Tag Archives: orthography
comrade

comrade

        In Spanish, from the noun cámara (from Latin camera), meaning a chamber, a room, was derived the collective feminine noun camarada, a military term attested in the mid-16th century in the sense of chambered or cabined (company). (The French feminine noun chambrée, from chambre, room, has the same meaning.) In Spanish, […]

Continue Reading
umpire

umpire

  Sir Thomas Parkyns of Bunny (1713) image: National Portrait Gallery       MEANINGS   – in some sports: an official to whose decision all doubtful points are referred, and who sees that the rules are not broken – a person who arbitrates between contesting parties     ORIGIN   The Old and Middle […]

Continue Reading
Shrove Tuesday – le Mardi gras

Shrove Tuesday – le Mardi gras

  le carnaval de la mi-carême, Nantes (France) – photograph: MaxPPP/France-Soir         Shrovetide is the period comprising Quinquagesima Sunday, or Shrove Sunday, and the two following days, Shrove Monday and Shrove Tuesday. It immediately precedes Ash Wednesday, the beginning of Lent. (Quinquagesima is short for ecclesiastical Latin quinquagesima dies, fiftieth day, because, […]

Continue Reading
fletcher

fletcher

  The Mutineers turning LIEUᵀ BLIGH and part of the OFFICERS and CREW adrift from His MAJESTY’s Ship the Bounty, by Robert Dodd (1748-1815)       The noun fletcher denotes a person who makes and sells arrows. It also formerly designated an archer. It is from Old French flechier, flecher, of same meanings, derived […]

Continue Reading

surly

    MEANING   bad-tempered and unfriendly     ORIGIN   This word was originally a variant of the obsolete and rare adjective sirly, composed of the noun sir and the suffix -ly, and meaning sir-like, lordly, hence haughty, imperious (it is similar to German herrisch, imperious, from Herr, lord, sir). The word sirly is first recorded, used […]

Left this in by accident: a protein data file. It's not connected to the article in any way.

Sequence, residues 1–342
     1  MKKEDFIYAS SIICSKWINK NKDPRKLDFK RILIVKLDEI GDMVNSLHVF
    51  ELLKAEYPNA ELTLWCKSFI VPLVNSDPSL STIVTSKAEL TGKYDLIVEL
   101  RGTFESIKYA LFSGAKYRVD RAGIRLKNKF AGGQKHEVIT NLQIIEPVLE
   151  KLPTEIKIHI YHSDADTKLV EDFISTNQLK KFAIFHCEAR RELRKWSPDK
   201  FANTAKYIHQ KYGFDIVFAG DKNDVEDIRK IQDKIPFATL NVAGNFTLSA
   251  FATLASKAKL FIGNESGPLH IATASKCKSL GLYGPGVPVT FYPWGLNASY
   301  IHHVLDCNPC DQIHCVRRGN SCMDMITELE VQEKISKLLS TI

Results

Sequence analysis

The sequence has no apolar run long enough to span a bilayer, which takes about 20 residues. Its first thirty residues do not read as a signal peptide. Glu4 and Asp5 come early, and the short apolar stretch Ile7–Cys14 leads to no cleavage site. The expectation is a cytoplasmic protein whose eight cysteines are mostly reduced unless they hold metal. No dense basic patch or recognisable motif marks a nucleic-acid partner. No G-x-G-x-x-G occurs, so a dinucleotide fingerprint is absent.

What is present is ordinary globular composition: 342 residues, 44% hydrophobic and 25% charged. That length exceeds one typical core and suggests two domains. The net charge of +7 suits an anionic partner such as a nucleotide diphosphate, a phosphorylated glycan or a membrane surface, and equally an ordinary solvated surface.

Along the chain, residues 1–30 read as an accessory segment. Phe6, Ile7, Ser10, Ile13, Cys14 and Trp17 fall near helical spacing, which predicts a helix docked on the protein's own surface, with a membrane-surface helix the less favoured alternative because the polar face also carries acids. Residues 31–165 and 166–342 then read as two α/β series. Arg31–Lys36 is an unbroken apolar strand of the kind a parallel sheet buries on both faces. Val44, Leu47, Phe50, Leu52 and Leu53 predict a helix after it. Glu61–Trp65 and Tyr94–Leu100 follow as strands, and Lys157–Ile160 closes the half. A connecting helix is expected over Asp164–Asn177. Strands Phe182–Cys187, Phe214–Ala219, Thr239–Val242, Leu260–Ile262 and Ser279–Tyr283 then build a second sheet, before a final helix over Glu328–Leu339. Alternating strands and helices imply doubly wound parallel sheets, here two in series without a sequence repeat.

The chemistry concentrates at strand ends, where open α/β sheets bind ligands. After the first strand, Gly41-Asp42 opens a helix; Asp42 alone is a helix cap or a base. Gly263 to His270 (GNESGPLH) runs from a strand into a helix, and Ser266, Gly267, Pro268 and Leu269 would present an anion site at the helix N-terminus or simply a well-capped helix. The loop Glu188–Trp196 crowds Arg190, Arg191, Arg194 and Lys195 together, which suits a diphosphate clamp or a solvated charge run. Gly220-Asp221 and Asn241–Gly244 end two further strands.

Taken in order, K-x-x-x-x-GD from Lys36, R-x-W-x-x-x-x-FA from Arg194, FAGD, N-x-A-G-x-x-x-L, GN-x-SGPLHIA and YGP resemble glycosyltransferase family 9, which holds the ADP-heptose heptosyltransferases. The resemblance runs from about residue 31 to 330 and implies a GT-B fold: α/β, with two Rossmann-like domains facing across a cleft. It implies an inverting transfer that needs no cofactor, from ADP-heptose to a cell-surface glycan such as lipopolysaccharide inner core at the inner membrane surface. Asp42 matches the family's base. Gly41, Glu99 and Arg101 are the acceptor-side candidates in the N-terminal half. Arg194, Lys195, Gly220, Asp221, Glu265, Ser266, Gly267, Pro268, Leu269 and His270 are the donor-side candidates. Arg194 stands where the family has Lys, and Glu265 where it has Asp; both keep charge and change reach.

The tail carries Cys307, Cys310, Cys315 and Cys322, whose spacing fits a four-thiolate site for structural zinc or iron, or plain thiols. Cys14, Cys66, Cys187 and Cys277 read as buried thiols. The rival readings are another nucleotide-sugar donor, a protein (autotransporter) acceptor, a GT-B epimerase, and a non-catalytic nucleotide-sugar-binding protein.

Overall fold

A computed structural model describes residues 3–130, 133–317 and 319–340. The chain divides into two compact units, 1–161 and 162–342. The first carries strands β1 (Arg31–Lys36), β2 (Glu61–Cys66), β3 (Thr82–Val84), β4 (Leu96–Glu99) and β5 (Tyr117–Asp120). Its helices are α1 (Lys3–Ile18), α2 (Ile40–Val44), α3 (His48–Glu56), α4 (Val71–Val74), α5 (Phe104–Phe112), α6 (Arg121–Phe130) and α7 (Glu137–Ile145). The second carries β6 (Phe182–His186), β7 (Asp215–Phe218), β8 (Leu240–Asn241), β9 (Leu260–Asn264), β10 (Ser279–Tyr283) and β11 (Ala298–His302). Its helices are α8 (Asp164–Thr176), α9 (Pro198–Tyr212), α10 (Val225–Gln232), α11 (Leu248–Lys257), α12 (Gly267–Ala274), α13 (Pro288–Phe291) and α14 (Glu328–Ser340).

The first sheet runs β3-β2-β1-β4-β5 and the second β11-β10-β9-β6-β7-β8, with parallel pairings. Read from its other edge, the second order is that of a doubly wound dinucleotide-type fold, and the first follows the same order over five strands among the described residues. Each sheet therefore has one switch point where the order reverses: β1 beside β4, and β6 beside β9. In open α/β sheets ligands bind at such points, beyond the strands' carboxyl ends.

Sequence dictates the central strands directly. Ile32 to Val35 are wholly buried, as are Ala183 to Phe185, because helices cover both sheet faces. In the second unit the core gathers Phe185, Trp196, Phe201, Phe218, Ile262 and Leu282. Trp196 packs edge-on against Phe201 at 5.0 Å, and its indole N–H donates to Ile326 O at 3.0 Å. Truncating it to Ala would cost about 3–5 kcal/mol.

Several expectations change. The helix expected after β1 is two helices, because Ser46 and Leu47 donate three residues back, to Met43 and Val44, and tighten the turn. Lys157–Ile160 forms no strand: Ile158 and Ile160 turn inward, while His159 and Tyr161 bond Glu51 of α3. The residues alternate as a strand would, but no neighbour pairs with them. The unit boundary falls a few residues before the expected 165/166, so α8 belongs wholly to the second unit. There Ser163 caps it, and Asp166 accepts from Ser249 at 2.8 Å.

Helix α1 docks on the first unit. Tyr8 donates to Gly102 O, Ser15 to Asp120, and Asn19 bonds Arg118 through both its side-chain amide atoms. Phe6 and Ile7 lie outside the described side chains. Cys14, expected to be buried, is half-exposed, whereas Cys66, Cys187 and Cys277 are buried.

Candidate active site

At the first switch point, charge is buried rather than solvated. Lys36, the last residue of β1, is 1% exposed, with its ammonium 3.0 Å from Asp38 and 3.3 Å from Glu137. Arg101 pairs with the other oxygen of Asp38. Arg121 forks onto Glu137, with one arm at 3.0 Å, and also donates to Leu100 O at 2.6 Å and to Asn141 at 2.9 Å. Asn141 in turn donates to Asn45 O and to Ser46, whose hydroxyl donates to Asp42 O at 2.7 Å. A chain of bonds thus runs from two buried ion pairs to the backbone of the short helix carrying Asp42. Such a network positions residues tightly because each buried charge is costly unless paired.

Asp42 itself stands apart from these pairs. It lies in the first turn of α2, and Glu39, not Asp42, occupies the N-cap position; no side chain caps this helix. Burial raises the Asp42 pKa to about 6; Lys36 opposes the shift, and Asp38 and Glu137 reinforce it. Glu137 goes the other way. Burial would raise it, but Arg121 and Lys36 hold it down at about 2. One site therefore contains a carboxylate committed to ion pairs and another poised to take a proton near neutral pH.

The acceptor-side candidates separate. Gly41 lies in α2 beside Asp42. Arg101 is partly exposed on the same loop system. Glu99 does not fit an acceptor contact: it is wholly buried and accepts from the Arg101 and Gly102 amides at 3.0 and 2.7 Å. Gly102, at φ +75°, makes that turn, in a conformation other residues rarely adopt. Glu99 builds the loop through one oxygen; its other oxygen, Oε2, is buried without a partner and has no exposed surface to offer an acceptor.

Continue Reading

to run amok

    MEANING   The adverb amok, also spelt amuck, is used in the phrase to run amok, which means to behave uncontrollably and disruptively.     ORIGIN   Via Spanish amuco and Portuguese amouco, amok is from a Malay word thus defined by Charles Payson Gurley Scott in The Malayan Words in English (1897): āmuḳ, […]

Continue Reading
squirrel

squirrel

  photograph: Peter Trimming       The noun squirrel, which appeared in Middle English in forms such as squyrel and squerell, is from Anglo-Norman and Old French forms such as escuirel and escureul (Modern French écureuil), from the unattested Late Latin scuriolus, diminutive of an unattested altered form of the Latin word sciurus (biologists have retained the […]

Continue Reading
pilgrim

pilgrim

  Canterbury Cathedral     The Latin adjective pereger/-gris, composed of per, through, and ager/agri, a field, a land, literally meant who has gone through lands, hence who is on a journey, away from home. From this adjective was derived the adverb peregri, peregre, meaning abroad, and to, or from, foreign parts. This in turn […]

Continue Reading
jewel – bijou

jewel – bijou

  Horace Walpole (circa 1756-57), by Sir Joshua Reynolds image: National Portrait Gallery       The noun jewel, which dates back to the late 13th century, is from Old French and Anglo-Norman forms such as juel, jeuiel, jouel, joyel, etc. The plural forms were juaux, jeuiauls, jouaux, joyaulx, etc. This is why the modern […]

Continue Reading

‘Noel’

      MEANINGS   – Noel, or Noël: Christmas, especially on Christmas cards and as a refrain in carols – noel, or noël: a Christmas carol     ORIGIN   This noun is from Anglo-Norman and Middle French forms such as Noël, Noel (modern French Noël), variants of forms such as Naël, Nael, first attested […]

Continue Reading
12345...10

Unblog.fr | Créer un blog | Annuaire | Signaler un abus